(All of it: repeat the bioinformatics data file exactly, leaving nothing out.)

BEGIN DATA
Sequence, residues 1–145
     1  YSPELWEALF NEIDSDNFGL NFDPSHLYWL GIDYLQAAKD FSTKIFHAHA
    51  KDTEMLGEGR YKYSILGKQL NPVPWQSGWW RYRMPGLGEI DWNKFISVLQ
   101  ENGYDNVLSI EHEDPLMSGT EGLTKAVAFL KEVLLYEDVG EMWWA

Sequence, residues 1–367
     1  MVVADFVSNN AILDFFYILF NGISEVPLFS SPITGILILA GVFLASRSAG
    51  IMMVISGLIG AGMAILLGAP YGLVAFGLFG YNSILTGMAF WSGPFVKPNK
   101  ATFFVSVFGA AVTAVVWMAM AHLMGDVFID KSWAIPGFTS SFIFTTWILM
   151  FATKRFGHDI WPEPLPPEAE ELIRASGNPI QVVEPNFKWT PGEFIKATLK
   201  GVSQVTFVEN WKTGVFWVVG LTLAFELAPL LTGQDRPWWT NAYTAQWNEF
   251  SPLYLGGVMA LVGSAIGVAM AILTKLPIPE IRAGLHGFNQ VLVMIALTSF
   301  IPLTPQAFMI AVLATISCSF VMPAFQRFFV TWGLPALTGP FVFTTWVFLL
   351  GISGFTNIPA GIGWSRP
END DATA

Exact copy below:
Sequence, residues 1–145
     1  YSPELWEALF NEIDSDNFGL NFDPSHLYWL GIDYLQAAKD FSTKIFHAHA
    51  KDTEMLGEGR YKYSILGKQL NPVPWQSGWW RYRMPGLGEI DWNKFISVLQ
   101  ENGYDNVLSI EHEDPLMSGT EGLTKAVAFL KEVLLYEDVG EMWWA

Sequence, residues 1–367
     1  MVVADFVSNN AILDFFYILF NGISEVPLFS SPITGILILA GVFLASRSAG
    51  IMMVISGLIG AGMAILLGAP YGLVAFGLFG YNSILTGMAF WSGPFVKPNK
   101  ATFFVSVFGA AVTAVVWMAM AHLMGDVFID KSWAIPGFTS SFIFTTWILM
   151  FATKRFGHDI WPEPLPPEAE ELIRASGNPI QVVEPNFKWT PGEFIKATLK
   201  GVSQVTFVEN WKTGVFWVVG LTLAFELAPL LTGQDRPWWT NAYTAQWNEF
   251  SPLYLGGVMA LVGSAIGVAM AILTKLPIPE IRAGLHGFNQ VLVMIALTSF
   301  IPLTPQAFMI AVLATISCSF VMPAFQRFFV TWGLPALTGP FVFTTWVFLL
   351  GISGFTNIPA GIGWSRP